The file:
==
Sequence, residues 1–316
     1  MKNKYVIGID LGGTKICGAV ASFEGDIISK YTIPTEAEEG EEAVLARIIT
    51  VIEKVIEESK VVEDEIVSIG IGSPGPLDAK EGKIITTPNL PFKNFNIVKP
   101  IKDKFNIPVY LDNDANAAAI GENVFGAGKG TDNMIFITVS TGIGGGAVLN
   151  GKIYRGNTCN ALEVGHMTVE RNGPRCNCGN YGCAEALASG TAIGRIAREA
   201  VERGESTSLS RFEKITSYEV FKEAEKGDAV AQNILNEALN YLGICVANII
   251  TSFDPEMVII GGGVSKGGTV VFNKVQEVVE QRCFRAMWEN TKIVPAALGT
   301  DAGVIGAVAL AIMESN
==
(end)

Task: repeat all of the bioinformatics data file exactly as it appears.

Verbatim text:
Sequence, residues 1–316
     1  MKNKYVIGID LGGTKICGAV ASFEGDIISK YTIPTEAEEG EEAVLARIIT
    51  VIEKVIEESK VVEDEIVSIG IGSPGPLDAK EGKIITTPNL PFKNFNIVKP
   101  IKDKFNIPVY LDNDANAAAI GENVFGAGKG TDNMIFITVS TGIGGGAVLN
   151  GKIYRGNTCN ALEVGHMTVE RNGPRCNCGN YGCAEALASG TAIGRIAREA
   201  VERGESTSLS RFEKITSYEV FKEAEKGDAV AQNILNEALN YLGICVANII
   251  TSFDPEMVII GGGVSKGGTV VFNKVQEVVE QRCFRAMWEN TKIVPAALGT
   301  DAGVIGAVAL AIMESN